- The Washington Times - Friday, June 6, 2003

PGA Tour pro John Riegger is openly challenging Annika Sorenstam to a one-on-one matchup and says he has backers who will put up $1million against the world’s best female golfer.

Riegger, who turns 40 later this month and has played on the PGA Tour on and off since 1992, said he is issuing the challenge in response to Sorenstam’s comment last week that she could finish in the top 100 on the money list if she played 30 tour events.

“I’ve been playing professional golf for 18 years. This is my seventh year on tour, and I’ve never finished in the top 125,” Riegger said yesterday after completing an even-par round of 71 at the Capital Open. “I think the general public has a misconception of how hard it is to finish in the top 125, let alone the top 100 on the money list.”

Riegger said he has challenged Sorenstam — who two weeks ago became the first woman in 58 years to compete in a PGA Tour event — to an 18-hole, stroke-play showdown at a place and a time of her choosing.

“She can play anywhere, anytime,” said Riegger, who has earned $1,098,811 in a career that includes one top-10 finish (an eighth-place tie at last year’s Honda Classic). “I’ve got more to lose than her. I mean, I’m supposed to beat her, I guess.”

The Las Vegas resident said a group of friends has offered to put up $1million for a match against Sorenstam, whom Riegger insists he has nothing against.

“I thought she played great at Colonial — I was pulling for her,” he said. “I don’t have anything against Annika, I don’t have anything against anybody. Whether it had been her or whether it had been some young kid who made the statement, I just don’t feel like that’s right. … I think it’s a little far-fetched.”

Sorenstam, in Wilmington, Del., for the LPGA Championship, could not be reached for comment.

Rough day for Lefty

Phil Mickelson’s round of 75 wasn’t a pretty sight, but given that Lefty was 4-over through his first six holes, it could have been a lot worse.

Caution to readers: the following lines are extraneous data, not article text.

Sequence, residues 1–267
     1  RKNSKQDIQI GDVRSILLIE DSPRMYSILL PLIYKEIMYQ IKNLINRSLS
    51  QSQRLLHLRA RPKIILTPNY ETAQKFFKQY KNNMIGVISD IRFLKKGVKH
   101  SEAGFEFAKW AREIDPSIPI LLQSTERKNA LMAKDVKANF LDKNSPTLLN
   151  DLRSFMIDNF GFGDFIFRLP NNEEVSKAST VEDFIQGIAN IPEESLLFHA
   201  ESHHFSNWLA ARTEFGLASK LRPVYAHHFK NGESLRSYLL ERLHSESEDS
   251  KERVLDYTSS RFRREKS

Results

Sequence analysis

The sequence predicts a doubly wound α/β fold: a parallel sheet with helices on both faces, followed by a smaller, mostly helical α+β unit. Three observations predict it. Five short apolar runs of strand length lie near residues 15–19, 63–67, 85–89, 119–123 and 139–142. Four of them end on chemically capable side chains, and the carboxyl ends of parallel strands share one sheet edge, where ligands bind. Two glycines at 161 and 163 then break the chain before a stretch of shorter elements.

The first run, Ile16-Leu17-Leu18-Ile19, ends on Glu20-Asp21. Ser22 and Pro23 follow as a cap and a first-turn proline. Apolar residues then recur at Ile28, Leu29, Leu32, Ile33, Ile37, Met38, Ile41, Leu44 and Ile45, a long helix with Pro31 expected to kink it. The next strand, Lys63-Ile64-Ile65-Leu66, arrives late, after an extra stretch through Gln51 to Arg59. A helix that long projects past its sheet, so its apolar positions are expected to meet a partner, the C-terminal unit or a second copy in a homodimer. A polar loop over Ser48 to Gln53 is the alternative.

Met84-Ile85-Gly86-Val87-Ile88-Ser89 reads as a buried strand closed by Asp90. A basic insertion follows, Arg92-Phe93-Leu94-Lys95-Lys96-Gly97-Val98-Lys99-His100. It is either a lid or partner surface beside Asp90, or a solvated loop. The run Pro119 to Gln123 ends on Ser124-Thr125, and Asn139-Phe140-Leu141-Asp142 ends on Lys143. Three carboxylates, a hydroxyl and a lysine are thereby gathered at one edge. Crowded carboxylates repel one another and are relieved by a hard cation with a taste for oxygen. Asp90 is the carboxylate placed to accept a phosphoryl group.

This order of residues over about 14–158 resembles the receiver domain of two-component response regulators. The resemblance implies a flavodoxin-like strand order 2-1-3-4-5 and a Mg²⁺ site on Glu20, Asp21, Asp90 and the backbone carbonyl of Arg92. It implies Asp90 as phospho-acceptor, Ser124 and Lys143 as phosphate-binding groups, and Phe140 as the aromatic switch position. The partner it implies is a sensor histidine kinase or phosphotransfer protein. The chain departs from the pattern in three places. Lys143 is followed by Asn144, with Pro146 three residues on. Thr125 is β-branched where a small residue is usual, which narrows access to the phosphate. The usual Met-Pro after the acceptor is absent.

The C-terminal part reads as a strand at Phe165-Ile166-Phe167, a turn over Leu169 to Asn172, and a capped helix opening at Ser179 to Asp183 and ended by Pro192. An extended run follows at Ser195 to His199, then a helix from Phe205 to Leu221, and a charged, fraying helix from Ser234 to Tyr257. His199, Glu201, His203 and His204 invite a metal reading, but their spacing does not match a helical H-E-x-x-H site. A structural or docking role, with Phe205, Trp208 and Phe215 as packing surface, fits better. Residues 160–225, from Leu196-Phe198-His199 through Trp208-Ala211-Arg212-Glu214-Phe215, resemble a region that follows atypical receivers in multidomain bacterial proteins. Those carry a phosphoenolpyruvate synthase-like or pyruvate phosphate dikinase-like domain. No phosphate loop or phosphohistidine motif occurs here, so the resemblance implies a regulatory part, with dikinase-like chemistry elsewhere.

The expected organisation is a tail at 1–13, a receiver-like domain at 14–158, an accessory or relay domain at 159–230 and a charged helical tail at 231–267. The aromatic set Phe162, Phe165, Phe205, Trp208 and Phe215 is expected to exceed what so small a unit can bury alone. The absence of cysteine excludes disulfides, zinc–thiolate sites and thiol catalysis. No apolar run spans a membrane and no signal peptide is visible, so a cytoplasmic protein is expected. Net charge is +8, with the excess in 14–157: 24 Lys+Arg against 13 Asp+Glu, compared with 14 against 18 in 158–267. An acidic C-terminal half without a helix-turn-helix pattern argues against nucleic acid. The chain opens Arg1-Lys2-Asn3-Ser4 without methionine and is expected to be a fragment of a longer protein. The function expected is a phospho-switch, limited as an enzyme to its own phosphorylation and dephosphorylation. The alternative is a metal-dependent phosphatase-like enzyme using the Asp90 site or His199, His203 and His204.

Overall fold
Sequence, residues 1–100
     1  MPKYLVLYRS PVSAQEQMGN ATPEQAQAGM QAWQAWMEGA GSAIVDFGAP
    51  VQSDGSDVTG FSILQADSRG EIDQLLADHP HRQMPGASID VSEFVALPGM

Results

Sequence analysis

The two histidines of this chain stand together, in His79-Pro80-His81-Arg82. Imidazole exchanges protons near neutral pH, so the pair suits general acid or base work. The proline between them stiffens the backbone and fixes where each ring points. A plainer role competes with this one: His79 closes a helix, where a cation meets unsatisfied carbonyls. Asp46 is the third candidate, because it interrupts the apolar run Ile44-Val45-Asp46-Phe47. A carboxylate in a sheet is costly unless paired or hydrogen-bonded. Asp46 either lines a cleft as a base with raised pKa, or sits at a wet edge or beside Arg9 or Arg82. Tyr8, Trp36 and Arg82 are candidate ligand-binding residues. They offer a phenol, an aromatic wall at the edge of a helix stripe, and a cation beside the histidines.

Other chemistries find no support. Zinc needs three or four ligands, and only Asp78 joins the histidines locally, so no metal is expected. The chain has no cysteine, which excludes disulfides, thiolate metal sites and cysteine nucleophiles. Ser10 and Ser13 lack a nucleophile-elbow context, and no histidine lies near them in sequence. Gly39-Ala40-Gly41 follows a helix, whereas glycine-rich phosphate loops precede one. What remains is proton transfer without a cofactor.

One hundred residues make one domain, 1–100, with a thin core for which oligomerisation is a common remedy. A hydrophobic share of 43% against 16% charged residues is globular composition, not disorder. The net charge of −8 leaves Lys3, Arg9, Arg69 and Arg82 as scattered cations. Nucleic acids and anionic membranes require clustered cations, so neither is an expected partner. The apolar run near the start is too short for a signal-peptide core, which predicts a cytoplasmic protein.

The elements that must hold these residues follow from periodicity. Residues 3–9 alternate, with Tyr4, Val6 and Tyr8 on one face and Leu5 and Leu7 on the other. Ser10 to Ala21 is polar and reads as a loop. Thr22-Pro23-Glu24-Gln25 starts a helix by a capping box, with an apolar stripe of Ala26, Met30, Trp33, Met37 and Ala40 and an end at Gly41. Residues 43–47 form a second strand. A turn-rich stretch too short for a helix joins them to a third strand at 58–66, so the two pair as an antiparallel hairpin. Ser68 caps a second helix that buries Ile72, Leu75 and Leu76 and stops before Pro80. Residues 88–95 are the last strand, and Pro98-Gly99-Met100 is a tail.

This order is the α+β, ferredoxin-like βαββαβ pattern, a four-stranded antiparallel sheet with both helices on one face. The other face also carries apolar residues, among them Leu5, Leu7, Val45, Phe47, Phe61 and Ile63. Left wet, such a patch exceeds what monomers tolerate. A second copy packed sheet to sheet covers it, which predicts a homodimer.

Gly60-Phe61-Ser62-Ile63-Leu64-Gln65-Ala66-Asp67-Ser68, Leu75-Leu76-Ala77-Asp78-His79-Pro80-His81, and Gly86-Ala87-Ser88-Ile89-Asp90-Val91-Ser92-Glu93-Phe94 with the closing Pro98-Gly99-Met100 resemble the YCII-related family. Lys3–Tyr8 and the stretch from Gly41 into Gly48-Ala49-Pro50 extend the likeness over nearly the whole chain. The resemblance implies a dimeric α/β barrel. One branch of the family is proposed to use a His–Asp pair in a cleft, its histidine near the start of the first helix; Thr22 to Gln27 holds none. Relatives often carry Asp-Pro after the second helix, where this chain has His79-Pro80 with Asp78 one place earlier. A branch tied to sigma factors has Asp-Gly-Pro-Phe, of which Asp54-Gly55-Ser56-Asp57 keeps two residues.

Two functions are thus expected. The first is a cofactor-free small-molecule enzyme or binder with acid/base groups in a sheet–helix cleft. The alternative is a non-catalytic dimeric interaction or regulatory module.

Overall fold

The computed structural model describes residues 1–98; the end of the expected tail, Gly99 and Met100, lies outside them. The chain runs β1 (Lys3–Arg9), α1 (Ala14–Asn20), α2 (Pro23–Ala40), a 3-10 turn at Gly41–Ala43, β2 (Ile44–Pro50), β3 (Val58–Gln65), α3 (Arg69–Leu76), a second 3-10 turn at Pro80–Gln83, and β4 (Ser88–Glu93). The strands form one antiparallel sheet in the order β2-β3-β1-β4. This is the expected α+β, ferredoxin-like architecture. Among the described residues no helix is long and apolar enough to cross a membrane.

“I could have let the round really slide away and not even have a chance if I play well [today],” the world’s sixth-ranked player said. “But now I’m in a position where if I play well, I can at least get to the weekend and then try to do some damage.”

Starting on the back nine, Mickelson got off to a horrendous start. He hit three shots out of bounds over a four-hole span, one off the tee that was so far right it struck a house alongside the fairway.

“Those were my [only] three bad swings,” he said. “They just happened to be horrendous swings that cost me six shots. I’ve got to bring in the parameters of my mistakes, because right now my misses are pretty big.”

One of Mickelson’s worst misses of the day came on the par-4 seventh, when his tee shot landed on the wrong side of the cart path and up against a tree root. Unable to take a normal swing, Mickelson had no choice but to turn his pitching wedge around and hit right-handed from 161 yards out.

Beem, Begay in hunt

PGA Championship winner Rich Beem and four-time tour winner Notah Begay III shot rounds of 4-under 67 yesterday, one stroke behind leader Robert Gamez.

Beem had a bizarre starting back nine, posting three birdies and an eagle but bogeying three of the last five holes. He settled down on the front side, shooting seven pars to go with two birdies.

Begay had a far more consistent round — he was the only player on the course without a bogey, thanks in part to a nice sand save on the 18th.



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